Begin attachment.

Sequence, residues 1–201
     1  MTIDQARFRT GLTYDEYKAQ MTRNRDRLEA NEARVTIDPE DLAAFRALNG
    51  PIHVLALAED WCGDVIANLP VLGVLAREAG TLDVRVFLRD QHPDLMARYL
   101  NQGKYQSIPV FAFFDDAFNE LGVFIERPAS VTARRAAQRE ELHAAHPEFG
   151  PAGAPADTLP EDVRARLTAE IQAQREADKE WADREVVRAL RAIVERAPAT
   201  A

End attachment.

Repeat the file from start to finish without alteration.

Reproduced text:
Sequence, residues 1–201
     1  MTIDQARFRT GLTYDEYKAQ MTRNRDRLEA NEARVTIDPE DLAAFRALNG
    51  PIHVLALAED WCGDVIANLP VLGVLAREAG TLDVRVFLRD QHPDLMARYL
   101  NQGKYQSIPV FAFFDDAFNE LGVFIERPAS VTARRAAQRE ELHAAHPEFG
   151  PAGAPADTLP EDVRARLTAE IQAQREADKE WADREVVRAL RAIVERAPAT
   201  A